ENCINO — She comforted O.J. Simpson after his wife's murder. She was there when he bolted from the Encino home she shares with Simpson confidant Robert Kardashian. And she delivered an emotional, televised defense of the men she credits with saving Simpson's life.
Now, like Simpson, Denice Shakarian Halicki is going to court in what promises to be the legal climax of a convoluted and bitter fight over the estate of her late husband, filmmaker and car-crash king Henry B. (Toby) Halicki.
Halicki, Kardashian's tall, graceful fiancee, said the five-year legal dispute has bankrupted her financially and emotionally, leaving her dependent on Kardashian for everything from gifts to groceries to legal contacts.
"What has happened to me is a horror," she said.
Her late husband's vast, multimillion-dollar legacy included film and video rights to his B-grade cult classic "Gone in 60 Seconds"--which cost less than $100,000 to make and produced $40 million; about 200 acres of ranch land; eight acres in Palos Verdes, and a huge collection of vintage toys, cars and memorabilia, once reputed to be among the largest of its kind.
Initially valued at $14.7 million, the court-appointed administrator has stated that the estate could end up insolvent once debts are paid--including an estimated $600,000 in administrative and legal fees so far.
Questions about how it dwindled to that point have consumed more than 10 volumes of court records and an estimated 100 hearings, and may be resolved in a series of related trials that began last week. All involve the 38-year-old widow, a former model and actress, in a three-sided battle against two brothers-in-law and the estate's administrator, lawyer J. Patrick McCarroll.
The possibility of an estate consumed by costs and fees had occurred to Toby Halicki, who wrote by hand in a margin of his one-page will: "Split the money, guys, and have a good time. No probate."
Toby Halicki came to Los Angeles at age 15 with nothing but a knowledge of cars and auto salvaging gained from the family business in New York that had fed him and 12 siblings.
He built up his own junkyard, then started making and starring in low-budget films whose titles reflected his background, such as "The Junkman," and "Deadline Auto Theft."
"Gone in 60 Seconds," released in 1974, chronicled the world of auto theft and chop shops, and its massive car-chase scene foreshadowed the one in "The French Connection." Though thin on characterization and other subtleties, it became an instant hit with car-crazy teen-agers and, according to one of Denice Halicki's attorneys, grossed $40 million.
He married Denice, his girlfriend of six years, three months before he was killed while filming and co-starring with her in a sequel to his greatest hit.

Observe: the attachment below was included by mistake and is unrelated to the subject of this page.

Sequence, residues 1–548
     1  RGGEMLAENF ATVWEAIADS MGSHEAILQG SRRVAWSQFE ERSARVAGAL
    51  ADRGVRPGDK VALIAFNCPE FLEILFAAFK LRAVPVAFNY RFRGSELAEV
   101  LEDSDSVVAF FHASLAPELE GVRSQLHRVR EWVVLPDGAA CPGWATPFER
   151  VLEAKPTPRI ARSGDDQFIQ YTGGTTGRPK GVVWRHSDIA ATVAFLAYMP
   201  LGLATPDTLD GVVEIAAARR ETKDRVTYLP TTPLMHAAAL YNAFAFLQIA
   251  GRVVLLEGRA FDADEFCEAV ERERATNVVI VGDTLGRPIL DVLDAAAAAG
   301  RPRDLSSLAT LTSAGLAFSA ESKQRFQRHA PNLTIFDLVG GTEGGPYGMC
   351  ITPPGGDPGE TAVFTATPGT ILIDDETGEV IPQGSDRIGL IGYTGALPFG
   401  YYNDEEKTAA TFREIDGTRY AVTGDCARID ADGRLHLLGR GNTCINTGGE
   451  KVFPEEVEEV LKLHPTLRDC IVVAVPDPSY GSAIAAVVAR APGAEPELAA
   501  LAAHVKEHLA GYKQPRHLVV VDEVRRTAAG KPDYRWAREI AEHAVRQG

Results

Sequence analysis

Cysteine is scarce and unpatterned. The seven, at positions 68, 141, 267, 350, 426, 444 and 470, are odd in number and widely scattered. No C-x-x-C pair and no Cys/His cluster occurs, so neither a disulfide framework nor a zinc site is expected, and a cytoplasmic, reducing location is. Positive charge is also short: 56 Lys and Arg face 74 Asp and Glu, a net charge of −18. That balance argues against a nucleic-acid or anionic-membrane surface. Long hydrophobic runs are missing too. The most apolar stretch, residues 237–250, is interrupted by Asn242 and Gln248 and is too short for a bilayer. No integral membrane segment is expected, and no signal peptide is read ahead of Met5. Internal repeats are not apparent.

"Gone in 60 Seconds II" was to have been a car-stealing, car-crashing extravaganza featuring a Bonnie-and-Clyde-like couple. But Toby Halicki, 48, died in a key stunt when he was crushed by a falling utility pole.
Denice Halicki grew up in Los Angeles, attended Oral Roberts University, the conservative Christian school in Tulsa, Okla., and came from a family so traditional she says relatives on her Armenian father's side (her mother was Norwegian) tried to arrange her marriage when she was 16.
Once she met Halicki, she relied on him so completely she had no need to carry a purse. Even when they traveled, she said, he kept her passport.
"He was my entire world," she said.
He willed her his 1987 Rolls Royce; the eight acres on Palos Verdes where they had planned their dream home, valued at $6 million to $8 million; and $1.5 million in either "cash, cars or property."
His brother Felix, meanwhile, was willed the filmmaker's modest, suburban home in Gardena, an Aston Martin Lagonda, and $450,000 in "property, cars or money"; a sister Theresa got $100,000 under similar terms, and several old friends and colleagues were to receive lesser sums ranging from $50,000 to $75,000.
Though Denice Halicki never received the $1.5 million part of her legacy (indeed, Felix's attorney says he has yet to receive any part of his inheritance), she did, for nearly two years, draw a spousal allowance that averaged $10,000 a month and totaled more than $250,000 in cash. Then McCarroll stopped the payments, stating that the estate might be insolvent.
The frozen allowance was among several blows to the widow that have formed the crux of her legal battle, including creditor's claims by her brothers-in-law Felix and Ronald Halicki.
Ronald Halicki, who runs a family towing and auto-salvage business in Dunkirk, N.Y., and was written out of the filmmaker's will, has claimed $2.3 million for work he says he and his company did on the sequel.
He contends that he co-wrote "Gone II" and helped develop a custom, car-hurling vehicle called "The Slicer," among other contributions. Denice Halicki dismisses his claims as phony and alleges in court records they are based on forged contracts.